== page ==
a57se wrote:Caruso was 'vulgar' to those who held the aesthetic prevalent in the late 19th century but not necessarily to those who were shaping the music of the day, namely Verdi, Puccini etc. You, tifosobonisolli, seem to hold the same aesthetic. That is your individual taste and I respect that. I don't share your taste.
Sorry indeed, but this would mean making your life too easy. It's not all a matter of taste! It *is* a matter of taste whether you call Caruso's (or Paoli's, or Ruffo's) singing "vulgar" or whether you prefer a gentler wording. It's *not* a matter of taste but a simple fact that Caruso's messa di voce, his top range, his voix mixte, his coloratura could not compare with his relevant contemporaries, and it's *not* a matter of taste that this deterioration of vocal technique reduced the possibilities of nuanced musical expression. It *is* again a matter of taste if you say "I prefer that inferior vocal technique as long as it comes with Caruso's vocal acting and his histrionic (as opposed to musical) expressivity". And it's *not* a matter of taste but plain wrong to claim that "Verdi, Puccini etc." advocated Caruso's and not de Lucia's or Anselmi's or Escalaïs' vocal culture. You're partly right for Puccini, who occupied a middle position in that respect; you're wrong for, as I explained earlier, Mascagni (one of the etceteras), whose model tenor de Lucia was (same goes, by the way, for Leoncavallo); and you are totally wrong for Verdi, for whom even de Lucia would have been a far too modern ("vulgar"?) singer.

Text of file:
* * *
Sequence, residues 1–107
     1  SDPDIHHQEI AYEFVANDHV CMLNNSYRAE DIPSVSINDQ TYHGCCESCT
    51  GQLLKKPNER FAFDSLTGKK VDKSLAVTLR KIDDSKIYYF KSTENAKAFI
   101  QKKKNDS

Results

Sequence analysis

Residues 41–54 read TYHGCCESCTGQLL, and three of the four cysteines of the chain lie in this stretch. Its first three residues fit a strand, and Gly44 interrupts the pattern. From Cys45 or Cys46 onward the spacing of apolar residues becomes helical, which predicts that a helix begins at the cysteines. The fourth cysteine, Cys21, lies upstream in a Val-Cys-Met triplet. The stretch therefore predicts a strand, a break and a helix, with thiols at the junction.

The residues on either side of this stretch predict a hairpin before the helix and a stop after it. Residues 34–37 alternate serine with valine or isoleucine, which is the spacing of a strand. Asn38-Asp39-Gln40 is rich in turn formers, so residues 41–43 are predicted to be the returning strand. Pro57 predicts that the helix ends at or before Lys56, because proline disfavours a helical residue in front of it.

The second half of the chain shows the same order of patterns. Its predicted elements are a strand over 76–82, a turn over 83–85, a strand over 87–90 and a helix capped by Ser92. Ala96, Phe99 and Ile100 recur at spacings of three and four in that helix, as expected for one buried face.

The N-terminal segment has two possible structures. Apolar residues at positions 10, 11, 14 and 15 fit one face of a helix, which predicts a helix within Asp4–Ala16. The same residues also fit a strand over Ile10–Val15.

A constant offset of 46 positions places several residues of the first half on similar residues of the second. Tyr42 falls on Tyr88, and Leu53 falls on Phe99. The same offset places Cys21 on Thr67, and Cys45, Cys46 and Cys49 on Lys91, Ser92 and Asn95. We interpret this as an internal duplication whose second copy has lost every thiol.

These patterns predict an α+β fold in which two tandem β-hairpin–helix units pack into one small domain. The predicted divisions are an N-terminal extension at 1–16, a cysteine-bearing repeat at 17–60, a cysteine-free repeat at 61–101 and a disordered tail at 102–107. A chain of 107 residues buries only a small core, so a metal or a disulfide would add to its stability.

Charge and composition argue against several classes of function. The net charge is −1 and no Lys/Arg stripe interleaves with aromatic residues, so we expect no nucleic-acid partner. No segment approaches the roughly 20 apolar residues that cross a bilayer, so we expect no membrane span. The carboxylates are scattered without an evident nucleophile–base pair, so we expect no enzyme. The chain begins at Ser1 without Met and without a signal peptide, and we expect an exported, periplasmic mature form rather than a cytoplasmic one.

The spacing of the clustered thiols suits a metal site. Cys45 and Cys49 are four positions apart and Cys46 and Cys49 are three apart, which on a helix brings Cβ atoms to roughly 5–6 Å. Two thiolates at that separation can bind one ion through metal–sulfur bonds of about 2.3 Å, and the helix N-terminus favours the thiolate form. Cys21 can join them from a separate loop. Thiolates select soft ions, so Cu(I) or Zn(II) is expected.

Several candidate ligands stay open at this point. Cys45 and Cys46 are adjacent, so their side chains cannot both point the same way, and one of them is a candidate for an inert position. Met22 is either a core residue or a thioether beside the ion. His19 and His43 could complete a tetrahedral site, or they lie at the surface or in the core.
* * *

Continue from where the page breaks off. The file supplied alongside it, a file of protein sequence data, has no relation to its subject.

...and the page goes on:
As far as preferring inferior vocal technique plus more exciting vocal acting to the standard of the late 19th century (singing close to perfection, interpretation close to noninvolvement), that's of course a legitimate position, and other than what you assume, I'm in many ways inclined towards that position, too, my personal "Golden Age" being the 1920s and 1930s. (Though I admittedly prefer singers, and there were dozens and dozens of them, who did both the singing and the vocal acting better than Caruso. It just isn't necessary to push and bite the tones so as to give an adequate portray of a role - just think of names like Schipa, Muzio, Inghilleri, Endrèze, Kozlovskij, Wittrisch, Gigli, Baugé, Pernet, Domgraf-Fassbaender, Bohnen, Reizen, Supervia... I could go on with that list forever. It is true, however, that vocal acting comes at the extent of vocal refinement TO A CERTAIN EXTENT. But measuring - and limiting!! - that extent is the crucial question...) Actually, I can even enjoy many post-WWII recordings. I just wouldn't dream of negating that the vast majority of post-WWII singers (and in fact many post-Caruso singers, already prior to WWII) were/are vocally vulgar (or however you prefer to name it gently), even though I may enjoy or even adore them. They sure have other qualities, and your or my personal taste may value those qualities higher. But that doesn't make the concerned singers' legato or coloratura the teeniest bit better.